David Fleming
It's All Academic   www.davidflemingsite.com   
Day 257: The Church (Grind)

June 4, 2023

For a few years in the late 1980s and into 1990, my favorite band, hands down, was The Church. "Under The Milky Way," their only charted hit in the United States, as well as Starfish, the near perfect album "Under The Milky Way" was on, sent me down a path of buying previously released Church material and jumping without hesitation to buy the next albums to come. That next album after Starfish was 1990's Gold Afternoon Fix, and while it provided more of a fix to my addiction than all of those older Church albums, its inconsistencies suggested to me that my addiction might need to be fed elsewhere.

Gold Afternoon Fix had songs equal to Starfish ("Metropolis," "City," and "Grind," most notably); however, it had too many not equal to Starfish that made my fascination start to wane. Ultimately, that is too bad, because the closing number, "Grind" was pretty close to a perfect song in my book: music mirroring lyric.

Musically, it weaves the textured guitars of Peter Koppes and Marty Willson-Piper, along with a lovely interlude of Steve Kilbey keyboards as a bridge in the song. At 6:00+ minutes, it came across as a grind in the way many Church songs did. Foregoing typical instrumentation patterns (what might be called the solo). most Church songs featured a relentless melody that ear-wormed into your head. (They most famously achieved this on "Reptile," my all-time favorite Church track, defined by its lengthy musical rattle of a rattlesnake.)

Lyrically, "Grind" is about the way we have to grind through life, protagonist in a bar drinking to get through another day, fighting sinking emotions, singer wondering "why you've not resigned," a line most of us can probably identify with, especially professionally. "Push off the top," sings Kilbey, to "cause sustain forever" (another fantastic blend of musical idea with non-musical idea). It's a song both personal, but also cultural, challenging the changing (and soon to be ending) 20th century with the repeated "long distance century buzzes and fades," an apt metaphor for the new kind of technologies that would define the 21st century.

And through it all everyone keeps grinding it out, just trying to survive to the next day: Initially, "you've got to grind, grind it out," the next time, "we've got to grind, grind it out," eventually "they've got to grind, grind it out," but by the end it is "I've got to grind, grind it out."  Even that wonderful repetition of "grind" each time is a testament to grinding.

I can't tell you how many times that line has woven its way into my brain. A difficult work assignment: "you've got to grind, grind it out, Dave." A long window of time between seeing the person you love: "grind, grind it out." Frustrations at home: "I've got to grind, grind it out." Sitting in a traffic jam: "we've got grind, grind it out, all." Every day is a grind and anyone who doesn't see that as a core characteristic of being human is kidding himself or herself. At least The Church (maybe the other one, too) can bring beauty to the daily grind.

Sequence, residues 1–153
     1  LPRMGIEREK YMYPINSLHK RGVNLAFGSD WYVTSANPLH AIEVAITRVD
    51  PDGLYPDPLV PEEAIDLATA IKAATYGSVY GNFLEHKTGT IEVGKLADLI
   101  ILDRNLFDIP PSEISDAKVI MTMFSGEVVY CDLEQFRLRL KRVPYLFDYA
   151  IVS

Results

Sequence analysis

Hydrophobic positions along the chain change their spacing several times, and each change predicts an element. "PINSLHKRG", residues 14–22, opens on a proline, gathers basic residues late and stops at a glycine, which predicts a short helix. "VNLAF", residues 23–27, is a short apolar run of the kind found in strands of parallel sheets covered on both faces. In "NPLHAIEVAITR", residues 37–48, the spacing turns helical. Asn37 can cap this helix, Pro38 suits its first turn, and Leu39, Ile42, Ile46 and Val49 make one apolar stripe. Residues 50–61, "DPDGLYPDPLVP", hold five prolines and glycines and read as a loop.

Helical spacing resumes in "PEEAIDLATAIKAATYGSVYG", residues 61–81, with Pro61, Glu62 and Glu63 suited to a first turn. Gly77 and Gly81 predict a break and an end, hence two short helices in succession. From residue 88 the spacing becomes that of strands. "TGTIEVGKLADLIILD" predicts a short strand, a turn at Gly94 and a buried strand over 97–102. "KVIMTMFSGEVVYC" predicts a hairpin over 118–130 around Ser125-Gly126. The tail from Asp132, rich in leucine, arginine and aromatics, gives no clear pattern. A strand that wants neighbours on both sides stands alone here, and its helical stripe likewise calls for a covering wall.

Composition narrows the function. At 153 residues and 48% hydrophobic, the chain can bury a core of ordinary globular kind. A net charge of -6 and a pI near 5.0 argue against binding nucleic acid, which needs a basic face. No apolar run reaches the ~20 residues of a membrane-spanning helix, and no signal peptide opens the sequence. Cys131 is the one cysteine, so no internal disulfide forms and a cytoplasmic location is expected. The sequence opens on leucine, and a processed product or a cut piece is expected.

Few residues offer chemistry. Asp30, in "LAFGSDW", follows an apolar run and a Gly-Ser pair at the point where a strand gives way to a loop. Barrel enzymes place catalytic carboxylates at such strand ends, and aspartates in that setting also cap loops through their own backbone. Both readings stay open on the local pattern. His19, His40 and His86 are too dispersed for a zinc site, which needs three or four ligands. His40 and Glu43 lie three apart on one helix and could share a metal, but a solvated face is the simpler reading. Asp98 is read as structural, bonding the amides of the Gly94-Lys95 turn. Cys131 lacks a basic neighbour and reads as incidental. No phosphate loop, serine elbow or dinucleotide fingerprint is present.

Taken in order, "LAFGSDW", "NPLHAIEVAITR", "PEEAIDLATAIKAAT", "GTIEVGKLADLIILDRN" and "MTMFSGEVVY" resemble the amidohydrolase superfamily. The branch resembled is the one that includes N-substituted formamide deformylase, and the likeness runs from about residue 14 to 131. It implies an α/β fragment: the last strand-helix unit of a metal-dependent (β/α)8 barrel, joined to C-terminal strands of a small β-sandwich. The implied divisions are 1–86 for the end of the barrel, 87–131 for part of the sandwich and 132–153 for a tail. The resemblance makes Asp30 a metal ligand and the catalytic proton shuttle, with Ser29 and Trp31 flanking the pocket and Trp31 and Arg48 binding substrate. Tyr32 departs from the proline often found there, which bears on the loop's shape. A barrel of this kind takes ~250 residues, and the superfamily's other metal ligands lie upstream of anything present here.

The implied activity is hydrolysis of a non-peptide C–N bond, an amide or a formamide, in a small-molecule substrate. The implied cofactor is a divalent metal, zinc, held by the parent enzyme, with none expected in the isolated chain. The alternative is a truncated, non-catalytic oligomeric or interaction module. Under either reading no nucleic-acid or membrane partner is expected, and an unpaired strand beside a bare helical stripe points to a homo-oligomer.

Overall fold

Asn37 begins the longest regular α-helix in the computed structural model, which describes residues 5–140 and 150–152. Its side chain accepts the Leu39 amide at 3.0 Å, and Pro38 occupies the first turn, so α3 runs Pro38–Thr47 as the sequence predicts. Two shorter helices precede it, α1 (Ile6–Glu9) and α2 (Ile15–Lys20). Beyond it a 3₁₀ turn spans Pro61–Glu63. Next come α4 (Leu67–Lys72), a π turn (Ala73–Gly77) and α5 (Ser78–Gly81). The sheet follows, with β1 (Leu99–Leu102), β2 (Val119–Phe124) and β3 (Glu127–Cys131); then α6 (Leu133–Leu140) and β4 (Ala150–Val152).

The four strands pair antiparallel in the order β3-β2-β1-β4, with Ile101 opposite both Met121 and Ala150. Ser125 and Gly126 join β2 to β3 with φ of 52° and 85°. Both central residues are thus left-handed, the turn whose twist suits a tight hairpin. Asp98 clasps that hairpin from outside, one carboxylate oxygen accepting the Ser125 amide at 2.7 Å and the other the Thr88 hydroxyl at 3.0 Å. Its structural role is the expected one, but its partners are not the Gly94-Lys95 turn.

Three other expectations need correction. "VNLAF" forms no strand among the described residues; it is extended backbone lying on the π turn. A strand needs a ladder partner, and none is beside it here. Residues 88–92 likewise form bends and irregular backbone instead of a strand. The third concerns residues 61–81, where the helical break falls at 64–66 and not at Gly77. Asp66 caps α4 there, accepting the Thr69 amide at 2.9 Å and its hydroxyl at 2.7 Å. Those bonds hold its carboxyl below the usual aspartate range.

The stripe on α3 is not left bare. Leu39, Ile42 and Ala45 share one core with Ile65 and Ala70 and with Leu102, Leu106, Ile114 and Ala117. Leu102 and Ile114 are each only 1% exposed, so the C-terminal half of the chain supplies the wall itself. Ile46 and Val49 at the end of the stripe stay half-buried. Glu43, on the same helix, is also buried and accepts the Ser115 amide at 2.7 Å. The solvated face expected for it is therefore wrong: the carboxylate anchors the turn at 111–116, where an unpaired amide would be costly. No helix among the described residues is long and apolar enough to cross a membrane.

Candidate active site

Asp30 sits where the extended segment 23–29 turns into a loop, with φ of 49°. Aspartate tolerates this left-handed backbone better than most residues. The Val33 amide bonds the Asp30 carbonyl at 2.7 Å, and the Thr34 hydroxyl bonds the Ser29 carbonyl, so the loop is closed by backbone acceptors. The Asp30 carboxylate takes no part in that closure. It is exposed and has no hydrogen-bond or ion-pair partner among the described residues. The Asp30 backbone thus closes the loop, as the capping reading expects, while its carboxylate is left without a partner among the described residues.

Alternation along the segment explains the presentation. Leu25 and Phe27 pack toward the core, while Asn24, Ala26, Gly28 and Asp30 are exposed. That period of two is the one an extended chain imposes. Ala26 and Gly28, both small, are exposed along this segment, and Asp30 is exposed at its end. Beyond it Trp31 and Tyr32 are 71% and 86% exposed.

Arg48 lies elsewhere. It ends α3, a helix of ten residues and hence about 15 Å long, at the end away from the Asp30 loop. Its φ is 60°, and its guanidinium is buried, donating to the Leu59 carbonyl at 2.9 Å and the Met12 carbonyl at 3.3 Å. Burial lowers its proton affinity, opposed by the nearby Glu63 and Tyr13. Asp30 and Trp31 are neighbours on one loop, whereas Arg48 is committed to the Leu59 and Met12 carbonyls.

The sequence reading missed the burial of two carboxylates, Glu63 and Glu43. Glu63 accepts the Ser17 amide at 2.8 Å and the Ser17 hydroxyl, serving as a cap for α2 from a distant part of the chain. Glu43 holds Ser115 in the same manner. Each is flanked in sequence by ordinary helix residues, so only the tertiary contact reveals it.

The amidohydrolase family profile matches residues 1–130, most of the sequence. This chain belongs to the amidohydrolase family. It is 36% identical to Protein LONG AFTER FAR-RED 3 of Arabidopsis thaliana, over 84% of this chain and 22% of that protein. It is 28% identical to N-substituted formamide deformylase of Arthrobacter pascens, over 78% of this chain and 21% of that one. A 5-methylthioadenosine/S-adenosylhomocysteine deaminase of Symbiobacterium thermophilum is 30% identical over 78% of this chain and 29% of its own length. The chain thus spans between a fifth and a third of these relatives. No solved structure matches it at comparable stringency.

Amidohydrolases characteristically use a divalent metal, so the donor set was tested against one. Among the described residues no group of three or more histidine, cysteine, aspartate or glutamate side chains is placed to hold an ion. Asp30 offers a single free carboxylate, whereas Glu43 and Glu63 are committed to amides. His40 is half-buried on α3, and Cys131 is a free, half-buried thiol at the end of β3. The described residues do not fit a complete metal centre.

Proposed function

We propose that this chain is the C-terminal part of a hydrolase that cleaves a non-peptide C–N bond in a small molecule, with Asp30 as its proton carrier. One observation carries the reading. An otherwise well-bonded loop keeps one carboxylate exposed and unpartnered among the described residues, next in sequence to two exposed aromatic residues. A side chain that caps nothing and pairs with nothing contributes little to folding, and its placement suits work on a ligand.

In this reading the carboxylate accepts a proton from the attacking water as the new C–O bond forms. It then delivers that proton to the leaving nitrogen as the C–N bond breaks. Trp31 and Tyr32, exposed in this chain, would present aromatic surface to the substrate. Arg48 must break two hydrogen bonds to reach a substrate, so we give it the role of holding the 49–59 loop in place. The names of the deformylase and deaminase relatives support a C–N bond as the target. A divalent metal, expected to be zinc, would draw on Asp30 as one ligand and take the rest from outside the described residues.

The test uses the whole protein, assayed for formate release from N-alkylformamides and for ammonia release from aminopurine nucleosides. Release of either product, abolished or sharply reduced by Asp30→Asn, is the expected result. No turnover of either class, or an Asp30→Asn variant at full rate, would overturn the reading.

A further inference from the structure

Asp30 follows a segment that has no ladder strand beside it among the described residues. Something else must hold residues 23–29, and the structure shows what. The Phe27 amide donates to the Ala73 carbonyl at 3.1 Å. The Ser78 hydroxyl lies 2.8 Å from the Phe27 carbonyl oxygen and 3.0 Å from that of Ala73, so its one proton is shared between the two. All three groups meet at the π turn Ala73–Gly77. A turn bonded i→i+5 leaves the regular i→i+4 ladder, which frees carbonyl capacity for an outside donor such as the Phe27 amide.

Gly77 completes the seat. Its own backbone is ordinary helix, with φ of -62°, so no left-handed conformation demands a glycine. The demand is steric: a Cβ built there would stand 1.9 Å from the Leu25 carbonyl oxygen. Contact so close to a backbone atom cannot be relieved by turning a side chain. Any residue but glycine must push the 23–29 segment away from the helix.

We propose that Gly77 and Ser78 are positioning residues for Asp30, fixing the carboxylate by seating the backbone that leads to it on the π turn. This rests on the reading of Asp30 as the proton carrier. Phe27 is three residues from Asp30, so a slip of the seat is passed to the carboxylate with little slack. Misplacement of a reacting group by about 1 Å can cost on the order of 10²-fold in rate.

Yet, members of The Church don't have fond memories of this album, and for Marty Willson-Piper, especially, this song. At his excellent website, Willson-Piper writes, "I cringe every time I hear 'Grind,'" then proceeds to describe the dynamics of the band, the recording, and working with producer, Waddy Wachtel. "Grind" is one of the songs where Richard Ploog was not used for his drumming, but instead Wachtel employed a new drum machine that produced a beat "in perfect time but with awful clumsy drum rolls that sounded sonically flat." For Willson-Piper "Grind" is the metaphor, literally, for all that was wrong: "wrong drugs, wrong city . . . wrong songs and wrong direction."

This is all probably very true, and artists have the right to dislike some of their final products, but Marty, I would say your story about why making the song sucked is exactly to the point of "Grind." "You've got to grind, grind" the song out, and thankfully you did, because the dissatisfaction of the band might somehow be picked up in the final production. In Willson-Piper's wonderful blog on the making of Gold Afternoon Fix (details below), you feel the band's grind following "Starfish" and get a better idea why the magic may never be captured again (I think they did do that for one album, Hologram of Baal, in 1998).

Yet, what was captured in "Grind" was magic perhaps exactly because the song was a burden for its creators. Ain't that the great thing about art; suffer and produce good work that still brings pain whenever the artist has to relive it.

Willson-Piper, Marty. "Gold Afternoon Fix." martywillson-piper.com. October 2011. Retrieved May 26, 2023.

The Church. "Grind." Gold Afternoon Fix. Arista, 1990. Link here.

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See complete list here.